I'm highly simulationist, but even so, I wouldn't have someone roll for mundane everyday tasks. It's more that even during stressful situations, someone with a relatively higher skill would have a higher floor than a less skilled practicioner, barring fumble. 

On 4/23/2021 at 7:33 PM, lordabdul said:

BRP doesn't necessarily have a binary pass/fail dynamic. Some variants of BRP offer different degrees of success and failure (RQ and CoC have 5 degrees in total).

It has three levels of success but only two for failure, complete failure and utter disaster, so in that sense it is kind of binary. What I'm looking for is a "partial failure" function.

On 4/23/2021 at 7:33 PM, lordabdul said:

Remember that "failure" is not necessarily what you think it is. A CoC investigator who searches for information on an evil cult in the Boston Library may still find what she wants even after failing the Library Use roll... what was the roll for then? Well, it could have been for finding extra information (which she didn't, she only found the very minimum), or it could have been for finding it quickly (which she didn't... she spent the whole day in the library and now the evil cult has kidnapped another puppy for sacrificing), etc. You get the point.

  1. Going back to the "narrative" approach to gaming from (1), if failure isn't interesting and will block the story, don't do it! But, as illustrated above, you can still have rolls and get advantages from a good roll.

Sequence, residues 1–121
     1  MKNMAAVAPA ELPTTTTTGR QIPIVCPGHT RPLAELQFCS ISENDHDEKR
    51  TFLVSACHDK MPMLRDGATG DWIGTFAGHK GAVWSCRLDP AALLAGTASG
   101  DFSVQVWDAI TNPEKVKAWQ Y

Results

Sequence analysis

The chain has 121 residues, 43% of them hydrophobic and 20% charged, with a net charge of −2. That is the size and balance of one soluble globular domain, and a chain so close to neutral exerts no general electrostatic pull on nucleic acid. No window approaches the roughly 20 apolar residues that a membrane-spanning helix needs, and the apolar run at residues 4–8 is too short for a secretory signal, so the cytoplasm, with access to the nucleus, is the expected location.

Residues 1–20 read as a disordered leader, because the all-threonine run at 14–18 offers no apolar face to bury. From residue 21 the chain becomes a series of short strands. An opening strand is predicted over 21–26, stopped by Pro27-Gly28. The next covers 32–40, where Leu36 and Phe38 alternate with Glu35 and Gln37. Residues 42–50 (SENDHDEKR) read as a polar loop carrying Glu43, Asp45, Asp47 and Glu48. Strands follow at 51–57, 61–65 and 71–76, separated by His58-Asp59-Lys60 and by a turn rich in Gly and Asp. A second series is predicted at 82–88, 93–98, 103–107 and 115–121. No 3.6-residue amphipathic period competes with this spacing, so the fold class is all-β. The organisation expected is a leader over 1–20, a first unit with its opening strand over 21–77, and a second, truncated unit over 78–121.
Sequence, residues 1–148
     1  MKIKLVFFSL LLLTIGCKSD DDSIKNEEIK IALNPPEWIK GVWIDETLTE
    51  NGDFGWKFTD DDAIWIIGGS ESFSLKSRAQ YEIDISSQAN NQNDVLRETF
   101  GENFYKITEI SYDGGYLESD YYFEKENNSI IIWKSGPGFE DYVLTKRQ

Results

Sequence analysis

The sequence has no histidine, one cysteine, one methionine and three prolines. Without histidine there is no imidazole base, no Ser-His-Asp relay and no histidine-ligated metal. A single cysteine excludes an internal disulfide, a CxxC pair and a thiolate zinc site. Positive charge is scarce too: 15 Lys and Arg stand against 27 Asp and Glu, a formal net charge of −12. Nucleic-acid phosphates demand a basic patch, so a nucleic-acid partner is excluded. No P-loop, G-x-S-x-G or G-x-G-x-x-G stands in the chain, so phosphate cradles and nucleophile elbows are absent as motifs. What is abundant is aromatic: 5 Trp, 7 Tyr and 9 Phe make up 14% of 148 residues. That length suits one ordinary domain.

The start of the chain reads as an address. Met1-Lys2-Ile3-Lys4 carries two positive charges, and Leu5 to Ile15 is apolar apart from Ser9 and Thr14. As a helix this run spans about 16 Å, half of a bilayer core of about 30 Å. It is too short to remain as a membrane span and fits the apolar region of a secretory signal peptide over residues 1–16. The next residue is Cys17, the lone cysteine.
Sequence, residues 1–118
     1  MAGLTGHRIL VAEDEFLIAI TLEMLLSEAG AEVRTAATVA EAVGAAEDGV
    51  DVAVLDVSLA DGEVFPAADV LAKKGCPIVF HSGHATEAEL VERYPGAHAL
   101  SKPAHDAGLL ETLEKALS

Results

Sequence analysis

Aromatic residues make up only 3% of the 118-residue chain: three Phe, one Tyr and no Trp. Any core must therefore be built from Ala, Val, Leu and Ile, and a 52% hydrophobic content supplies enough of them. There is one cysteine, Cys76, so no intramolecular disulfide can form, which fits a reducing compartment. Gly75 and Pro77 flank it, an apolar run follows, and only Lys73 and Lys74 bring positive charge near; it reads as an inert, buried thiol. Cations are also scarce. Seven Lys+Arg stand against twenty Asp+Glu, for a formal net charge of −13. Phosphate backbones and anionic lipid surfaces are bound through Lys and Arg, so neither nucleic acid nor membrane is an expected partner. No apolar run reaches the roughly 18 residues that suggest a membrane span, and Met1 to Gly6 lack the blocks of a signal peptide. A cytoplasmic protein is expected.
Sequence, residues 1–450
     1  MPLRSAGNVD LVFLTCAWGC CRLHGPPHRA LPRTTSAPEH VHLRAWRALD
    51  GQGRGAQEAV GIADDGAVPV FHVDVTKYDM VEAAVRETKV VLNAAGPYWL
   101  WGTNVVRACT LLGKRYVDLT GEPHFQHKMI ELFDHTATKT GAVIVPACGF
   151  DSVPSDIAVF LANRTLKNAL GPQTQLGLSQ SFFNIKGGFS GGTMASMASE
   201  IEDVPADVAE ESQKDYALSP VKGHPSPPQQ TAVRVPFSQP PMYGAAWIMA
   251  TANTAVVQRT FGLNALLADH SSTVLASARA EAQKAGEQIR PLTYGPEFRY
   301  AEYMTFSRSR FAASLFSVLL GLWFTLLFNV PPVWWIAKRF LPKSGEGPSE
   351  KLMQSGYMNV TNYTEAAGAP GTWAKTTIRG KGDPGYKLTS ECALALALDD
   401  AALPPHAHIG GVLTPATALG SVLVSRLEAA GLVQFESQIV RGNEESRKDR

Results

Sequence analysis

This is exactly what I'm talking about. My system would function just like this. With Research 60%, that would mean 60% chance of getting 100% of the information available, while a normal failure would net 60% of it. 

As some in this thread have mentioned, a "special failure" might add some attenuation to the scale. I would say if you roll above the highest 1/5 of the chance to fail (with a skill of 50% this would mean a roll of 90+) it's a total failure, while anything between your skill rating and that number would mean partial failure as per the above. Now, having to calculate the special failure range for each skill is just another computing headache, so a simpler solution would be to lift it straight from the brilliant Harnmaster and have any roll that ends on a 5 or a 0 being a special roll.

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On 4/23/2021 at 11:01 AM, Barak Shathur said:

It is sometimes remarked that the binary pass/fail dynamic of BRP skills can be problematic. In some circumstances a more graduted scale of success/failure might be desirable. One case may be when some skill needs to be passed in order to move an adventure forward. If the skill check fails, you're stuck and the GM needs to Deus ex Machina or fudge it. Or when you have a knowledge skill, e.g.when researching something in a library, or performing music or something like that. Having only pass/fail as options is a pretty blunt instrument for measuring these kinds of activities. For example, a chemist with 60% in chemistry would be a pretty incompetent, not to say hazardous, scientist if he/she failed utterly 40% of the time in the lab.